As temperatures drop below freezing, people are beginning to don their winter jackets. Nowadays, many people are turning to fur jackets to keep them warm, some perhaps buying new, others second-hand. The spike in sales comes as the fashion industry is touting fur trims in their collection and from associations touting fur as natural, renewable and fashionable.
Fur has been worn for as long as humans have been around and the fur trade has been international for many centuries. Recent figures fromt the British Fur Trade show that in 2008, worldwide fur sales totaled $13 billion, employing nearly 1 million people worldwide.
Hong Kong remains the center of the fur trade, leading in the import and export of fine fur garments that brings in a total of $320 million annually. This is a bit surprising, as even now there are many rallies against the fur trade.
In fact, earlier in 2010, Israel had debated banning fur trade altogether. While fur only accounts for about $1 million of the textile trade in Israel, the bill would have sent a strong message to the fur company as well as other countries.
Other countries in Europe, such as Spain, have protested recently against fur as well holding a naked demonstration in Barcelona’s Plaza Sant Jaume. Even the US, while not banning fur altogether, is taking a stance on making sure fur is accurately labeled by passing the “Truth in Fur Labeling” legislation. This requires fur producers to properly label all the fur, including those whose value does not exceed $150.
Reportedly, China has been skinning domestic cats and dogs and using the fur to trim various clothes without claiming the material as fur due to the value loophole. According to the Humane Society of the United States, nearly 96 percent of fur-trimmed jackets were found to contain domestic dog, wolf or raccoon fur and were mislabeled or not labeled at all.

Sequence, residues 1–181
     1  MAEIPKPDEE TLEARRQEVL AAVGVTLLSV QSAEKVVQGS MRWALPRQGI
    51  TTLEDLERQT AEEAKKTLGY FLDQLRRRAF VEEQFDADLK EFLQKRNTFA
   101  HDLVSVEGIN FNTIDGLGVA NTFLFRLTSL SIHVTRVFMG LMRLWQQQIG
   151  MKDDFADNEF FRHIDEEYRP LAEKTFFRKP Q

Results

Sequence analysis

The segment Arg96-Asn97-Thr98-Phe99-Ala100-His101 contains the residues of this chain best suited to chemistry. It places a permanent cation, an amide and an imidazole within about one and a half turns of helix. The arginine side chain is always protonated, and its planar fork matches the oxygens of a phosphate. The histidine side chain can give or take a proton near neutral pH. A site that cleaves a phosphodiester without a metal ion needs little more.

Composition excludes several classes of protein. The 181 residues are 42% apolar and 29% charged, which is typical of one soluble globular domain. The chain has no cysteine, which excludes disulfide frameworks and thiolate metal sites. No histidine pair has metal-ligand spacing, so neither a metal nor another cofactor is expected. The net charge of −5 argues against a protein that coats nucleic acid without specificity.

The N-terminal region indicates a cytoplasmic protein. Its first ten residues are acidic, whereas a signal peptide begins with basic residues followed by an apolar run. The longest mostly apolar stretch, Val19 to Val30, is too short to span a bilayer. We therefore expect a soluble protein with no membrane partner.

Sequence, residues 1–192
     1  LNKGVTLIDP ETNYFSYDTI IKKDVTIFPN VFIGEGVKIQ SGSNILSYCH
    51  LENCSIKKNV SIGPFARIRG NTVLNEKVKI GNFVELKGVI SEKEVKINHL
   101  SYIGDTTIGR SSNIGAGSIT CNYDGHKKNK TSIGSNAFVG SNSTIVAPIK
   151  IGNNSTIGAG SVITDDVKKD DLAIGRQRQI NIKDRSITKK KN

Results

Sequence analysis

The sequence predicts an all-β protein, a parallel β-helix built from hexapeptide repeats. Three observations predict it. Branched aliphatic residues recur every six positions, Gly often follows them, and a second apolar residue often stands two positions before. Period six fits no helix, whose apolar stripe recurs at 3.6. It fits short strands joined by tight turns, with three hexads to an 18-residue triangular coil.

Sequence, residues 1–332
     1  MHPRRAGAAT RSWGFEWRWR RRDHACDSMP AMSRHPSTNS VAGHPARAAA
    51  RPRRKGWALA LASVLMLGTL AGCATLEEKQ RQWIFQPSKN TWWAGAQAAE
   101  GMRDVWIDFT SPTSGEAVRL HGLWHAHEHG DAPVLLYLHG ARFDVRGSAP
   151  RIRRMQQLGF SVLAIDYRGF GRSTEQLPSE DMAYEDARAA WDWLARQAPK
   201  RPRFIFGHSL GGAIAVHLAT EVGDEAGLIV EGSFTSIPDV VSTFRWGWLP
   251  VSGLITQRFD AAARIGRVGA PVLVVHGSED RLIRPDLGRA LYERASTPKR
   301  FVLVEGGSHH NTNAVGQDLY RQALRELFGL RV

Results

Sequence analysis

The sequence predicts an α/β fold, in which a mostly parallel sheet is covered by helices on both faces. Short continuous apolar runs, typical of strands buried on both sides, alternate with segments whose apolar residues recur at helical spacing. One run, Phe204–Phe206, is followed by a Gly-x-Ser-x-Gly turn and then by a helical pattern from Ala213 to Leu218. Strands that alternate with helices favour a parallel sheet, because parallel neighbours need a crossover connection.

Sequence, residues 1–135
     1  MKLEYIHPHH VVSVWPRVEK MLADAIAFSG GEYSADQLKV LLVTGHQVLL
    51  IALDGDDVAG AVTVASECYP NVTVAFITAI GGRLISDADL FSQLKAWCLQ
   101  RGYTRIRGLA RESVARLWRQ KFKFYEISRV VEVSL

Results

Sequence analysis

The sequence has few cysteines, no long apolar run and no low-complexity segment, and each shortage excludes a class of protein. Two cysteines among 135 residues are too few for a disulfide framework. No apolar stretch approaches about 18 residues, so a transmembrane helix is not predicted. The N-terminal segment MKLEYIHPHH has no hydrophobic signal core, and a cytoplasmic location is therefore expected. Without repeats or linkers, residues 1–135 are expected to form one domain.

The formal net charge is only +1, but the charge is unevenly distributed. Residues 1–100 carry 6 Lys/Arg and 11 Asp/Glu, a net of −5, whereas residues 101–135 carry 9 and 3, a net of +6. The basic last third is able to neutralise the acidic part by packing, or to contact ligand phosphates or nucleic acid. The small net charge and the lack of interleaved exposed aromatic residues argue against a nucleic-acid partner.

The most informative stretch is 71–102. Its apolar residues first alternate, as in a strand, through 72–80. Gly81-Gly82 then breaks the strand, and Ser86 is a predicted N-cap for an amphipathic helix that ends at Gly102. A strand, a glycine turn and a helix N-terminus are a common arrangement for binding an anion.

Despite these hits against fur, the trade has remained steady, even through economic instability. This is due to the reintroduction of fur as an extremely fashionable commodity. The Paris, New York and Milan Fashion Week all featured some form of fur. Nearly half of all the designers in the Fall 2010 fashion show included some form of fur: Carolina Herrara used fox, sable and mink, Marc Jacobs added fur fringe to bags and Zac Posen had his models wearing fur coats.
Unlike the bygone era of the ’20s and ’30s, fur has become increasingly available to a broader, less formal spectrum and more readily available to younger populations around the world. It has become something chic yet fun with the introduction of various techniques like knitted fur, laser-cutting and precision dying. Many who would otherwise not buy new have begun buying vintage not for the price, but because it offers a “guilt-free” exception.
For some people, while the fur trade might be considered barbaric, with vintage coats, the animal is already dead, and thus, in a way, buying vintage is simply reusing something that would otherwise go to waste. The British Fur Trade is touting natural fur as a responsible choice, citing that properly farmed and manufactured fur does less damage to the environment than faux fur. Properly maintained fur, like leather, can also last much longer than faux fur as it retains its durability and can be restyled over the years.
Even politicians are openly wearing fur, including Justin Trudeau (a Liberal MP from Montreal) who was shown with his entire family wearing fur-lined coats, covered in a fur blanket (made from coyote). While Trudeau states that the picture was not meant to be controversial, PETA immediately rebuffed the politician, citing the cruelty of the fur trade.
While there are many debates on both sides of the fur trade spectrum, the fact remains that in many countries, the manufacturing of fur can be incredibly cruel (PETA claims that in China the animals are skinned alive) and that overtrapping can lead to the endangering and sometimes extinction of these hunted animals.
While many trappers point out that some of these animals need to be hunted in order to fight against overpopulation, it is difficult to truly predict the ecological impact of trapping in the wild or even farm-raising animals for fur.
Photo credit: The Star
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